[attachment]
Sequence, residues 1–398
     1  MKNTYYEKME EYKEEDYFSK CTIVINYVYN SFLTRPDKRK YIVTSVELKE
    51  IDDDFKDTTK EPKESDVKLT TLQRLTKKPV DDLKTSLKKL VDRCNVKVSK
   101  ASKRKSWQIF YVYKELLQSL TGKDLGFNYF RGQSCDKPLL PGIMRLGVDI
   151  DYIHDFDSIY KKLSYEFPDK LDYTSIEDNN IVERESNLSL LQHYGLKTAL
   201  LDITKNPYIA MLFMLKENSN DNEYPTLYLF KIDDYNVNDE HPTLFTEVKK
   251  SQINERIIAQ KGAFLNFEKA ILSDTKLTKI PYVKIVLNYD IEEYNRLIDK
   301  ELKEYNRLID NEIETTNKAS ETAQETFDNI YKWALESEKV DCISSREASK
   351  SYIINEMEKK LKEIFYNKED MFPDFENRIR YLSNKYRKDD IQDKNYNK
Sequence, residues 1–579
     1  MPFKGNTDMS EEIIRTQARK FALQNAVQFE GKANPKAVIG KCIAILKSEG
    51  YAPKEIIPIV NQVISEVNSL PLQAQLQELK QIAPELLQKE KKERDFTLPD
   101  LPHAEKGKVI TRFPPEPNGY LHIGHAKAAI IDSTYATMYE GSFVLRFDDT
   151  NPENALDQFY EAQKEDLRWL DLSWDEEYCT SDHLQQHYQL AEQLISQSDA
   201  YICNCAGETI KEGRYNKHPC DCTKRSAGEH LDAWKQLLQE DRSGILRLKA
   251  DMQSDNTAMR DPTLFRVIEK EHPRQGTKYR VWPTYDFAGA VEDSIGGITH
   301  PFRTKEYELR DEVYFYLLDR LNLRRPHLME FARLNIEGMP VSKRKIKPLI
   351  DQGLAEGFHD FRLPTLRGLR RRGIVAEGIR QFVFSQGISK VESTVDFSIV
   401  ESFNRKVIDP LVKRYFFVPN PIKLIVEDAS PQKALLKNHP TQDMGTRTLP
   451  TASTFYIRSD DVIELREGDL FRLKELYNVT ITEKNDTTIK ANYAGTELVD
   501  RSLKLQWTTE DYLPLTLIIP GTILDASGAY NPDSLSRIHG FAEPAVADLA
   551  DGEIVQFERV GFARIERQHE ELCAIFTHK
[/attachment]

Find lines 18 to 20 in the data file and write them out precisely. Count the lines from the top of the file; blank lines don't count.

   351  DQGLAEGFHD FRLPTLRGLR RRGIVAEGIR QFVFSQGISK VESTVDFSIV
   401  ESFNRKVIDP LVKRYFFVPN PIKLIVEDAS PQKALLKNHP TQDMGTRTLP
   451  TASTFYIRSD DVIELREGDL FRLKELYNVT ITEKNDTTIK ANYAGTELVD